Feeling food: The rationality of perception [Book Review]

Abstract
Regulatory bodies tend to treat people’s emotional responses towards foods as a nuisance for rational opinion-formation and decision-making. This position is thought to be supported by such evidence as: (1) people showing negative emotional responses to the idea of eating meat products from vaccinated livestock; and (2) people showing positive emotional responses to Magnum’s “7 sins” marketing campaign. Such cases are thought to support the idea that regulatory communication about foods should abstract from people’s emotional perceptions and that corporate marketing of foods should show restraint in capitalizing upon these weaknesses of the heart. This paper, on the contrary, argues that people’s emotional perceptions of foods represent valuable sources of knowledge. This argument is developed by making the dominant reception of people’s emotions intelligible by tracing its roots through the history of the Platonic paradigm. Although this paradigm has dominated the philosophical and psychological debate about emotions, the idea that emotions are sources of knowledge has recently gained force. This paper also traces the historical roots of the alternative Aristotelian paradigm. The cases of meat products from vaccinated livestock and Magnum’s 7 sins serve to illustrate this controversy. The paper concludes by showing that a neo-Platonic emphasis on the irrationality of emotions does not contribute to a fruitful discussion about implications of people’s perceptions for agricultural and food politics, whereas a neo-Aristotelian account of rational emotions could enable regulatory bodies to engage people in a fruitful process of opinion-formation and decision-making about food production and consumption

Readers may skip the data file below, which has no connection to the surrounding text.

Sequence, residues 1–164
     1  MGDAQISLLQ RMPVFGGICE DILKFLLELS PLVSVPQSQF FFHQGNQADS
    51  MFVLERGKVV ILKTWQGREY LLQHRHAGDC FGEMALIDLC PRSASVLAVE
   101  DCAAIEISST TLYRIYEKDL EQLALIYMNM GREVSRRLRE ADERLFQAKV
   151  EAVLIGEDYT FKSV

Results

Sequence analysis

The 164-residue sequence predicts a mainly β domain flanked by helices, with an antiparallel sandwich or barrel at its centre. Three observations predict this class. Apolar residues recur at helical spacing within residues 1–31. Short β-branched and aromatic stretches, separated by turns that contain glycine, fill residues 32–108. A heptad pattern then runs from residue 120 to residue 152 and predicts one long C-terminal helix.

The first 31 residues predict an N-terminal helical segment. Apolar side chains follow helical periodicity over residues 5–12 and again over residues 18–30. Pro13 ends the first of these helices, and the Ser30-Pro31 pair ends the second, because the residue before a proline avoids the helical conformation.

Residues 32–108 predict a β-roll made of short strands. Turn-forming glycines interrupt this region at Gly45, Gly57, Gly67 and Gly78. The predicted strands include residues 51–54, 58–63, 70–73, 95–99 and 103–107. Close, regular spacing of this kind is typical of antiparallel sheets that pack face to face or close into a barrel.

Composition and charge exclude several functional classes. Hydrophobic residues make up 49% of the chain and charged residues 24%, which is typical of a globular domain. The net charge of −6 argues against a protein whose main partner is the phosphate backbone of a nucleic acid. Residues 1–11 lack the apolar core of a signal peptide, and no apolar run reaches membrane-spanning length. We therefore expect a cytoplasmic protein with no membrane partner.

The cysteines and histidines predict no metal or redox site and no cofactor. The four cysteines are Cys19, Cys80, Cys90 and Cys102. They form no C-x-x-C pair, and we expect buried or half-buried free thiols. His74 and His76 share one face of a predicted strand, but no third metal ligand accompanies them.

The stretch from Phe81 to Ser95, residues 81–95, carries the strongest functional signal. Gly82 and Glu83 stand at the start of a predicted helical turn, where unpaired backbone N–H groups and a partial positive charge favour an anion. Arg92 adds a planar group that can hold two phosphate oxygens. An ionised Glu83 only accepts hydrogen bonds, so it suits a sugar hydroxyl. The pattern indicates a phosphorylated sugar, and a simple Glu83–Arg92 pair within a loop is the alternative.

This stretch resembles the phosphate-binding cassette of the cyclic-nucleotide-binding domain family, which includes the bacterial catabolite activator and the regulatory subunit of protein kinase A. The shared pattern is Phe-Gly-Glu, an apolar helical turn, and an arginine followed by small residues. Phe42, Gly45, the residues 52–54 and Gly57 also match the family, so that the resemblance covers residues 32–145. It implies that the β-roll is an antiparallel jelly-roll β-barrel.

Keywords cognitivism  emotions  food  perception  rationality
Categories (categorize this paper)
Options
 Save to my reading list
Follow the author(s)
My bibliography
Export citation
Find it on Scholar
Edit this record
Mark as duplicate
Revision history Request removal from index
 
Download options
PhilPapers Archive


Upload a copy of this paper     Check publisher's policy on self-archival     Papers currently archived: 11,819
External links
Setup an account with your affiliations in order to access resources via your University's proxy server
Configure custom proxy (use this if your affiliation does not provide a proxy)
Through your library
References found in this work BETA

No references found.

Citations of this work BETA

No citations found.

Similar books and articles
Analytics

Monthly downloads

Added to index

2009-01-28

Total downloads

16 ( #107,068 of 1,099,914 )

Recent downloads (6 months)

1 ( #304,017 of 1,099,914 )

How can I increase my downloads?

My notes
Sign in to use this feature


Discussion
Start a new thread
Order:
There  are no threads in this forum
Nothing in this forum yet.